As a youngster I was fortunate to hear this classic Stan Getz album played often on my Dad’s stereo. Although not an audiophile by definition, my Dad always had decent audio equipment. I know this to be true because I was always taking it apart to find out how it all worked! This was my first exposure to the cool, rhythmic qualities of bossa nova. This album was released in 1964 and became one of the best selling jazz albums of all time. I most likely have my Mom to thank (a professional dancer in her younger years) for having it in the record album collection.
Anyone else have this recording as an early musical influence?
6 thoughts on “Stan Getz Bossa Nova Anyone?”
Most definitely! Somewhat different vein, but also remember the Sergio Mendez & the Brazil 66 albums – actually bought the CDs because I grew up loving them so much!
I believe that’s MY album, Skip! LOL!!! How about Mongo Santamaria and Watermelon Man!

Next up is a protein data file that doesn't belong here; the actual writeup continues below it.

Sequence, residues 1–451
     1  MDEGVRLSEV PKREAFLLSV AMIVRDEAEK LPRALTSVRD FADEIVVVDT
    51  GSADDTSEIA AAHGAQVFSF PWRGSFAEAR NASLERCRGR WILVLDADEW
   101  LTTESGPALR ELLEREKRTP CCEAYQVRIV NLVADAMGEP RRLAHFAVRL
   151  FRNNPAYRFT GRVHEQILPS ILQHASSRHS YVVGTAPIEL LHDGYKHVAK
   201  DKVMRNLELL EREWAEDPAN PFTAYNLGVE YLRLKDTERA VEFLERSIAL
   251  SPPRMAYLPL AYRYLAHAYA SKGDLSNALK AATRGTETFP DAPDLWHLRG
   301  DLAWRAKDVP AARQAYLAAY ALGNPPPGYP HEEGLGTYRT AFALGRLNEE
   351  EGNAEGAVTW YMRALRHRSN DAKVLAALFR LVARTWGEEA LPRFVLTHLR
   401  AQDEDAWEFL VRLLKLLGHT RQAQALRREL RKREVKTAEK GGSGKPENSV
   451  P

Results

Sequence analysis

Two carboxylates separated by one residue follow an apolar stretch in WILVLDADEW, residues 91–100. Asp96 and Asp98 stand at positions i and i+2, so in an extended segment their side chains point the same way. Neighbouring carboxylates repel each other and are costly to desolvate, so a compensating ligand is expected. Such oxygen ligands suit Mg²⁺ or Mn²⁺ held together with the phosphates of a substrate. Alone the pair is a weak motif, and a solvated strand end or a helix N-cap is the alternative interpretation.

Yeah, Watermelon man is a great song! That is actually a Herbie Hancock composition written in 1962. Mongo Santamaría’s version was a bit more “pop” sounding but great as well.
Great Video of Herbie Hancock and Watermelon Man
Man, that’s a great album. In fact, it was next to my turntable when I read your review. What great recording quality they had. Space and reverb to die for, an awesome sound. Was that some kind of studio signature style from NY or was it everywhere?
The Verve recording was recorded in NYC according to album credits but its been frustrating that I have not been able to find which studio Verve opted to record this at. If anyone knows I would love to post it. What is interesting is that Phil Ramone was the engineer on the recording! Here is some info on Astrud, Gilberto’s wife and her role in the now infamous vocal to this recording.
Check out this video of a some what uncomfortable looking Astrud singing the hit along with a subdued performance with Stan Getz and accompanying band.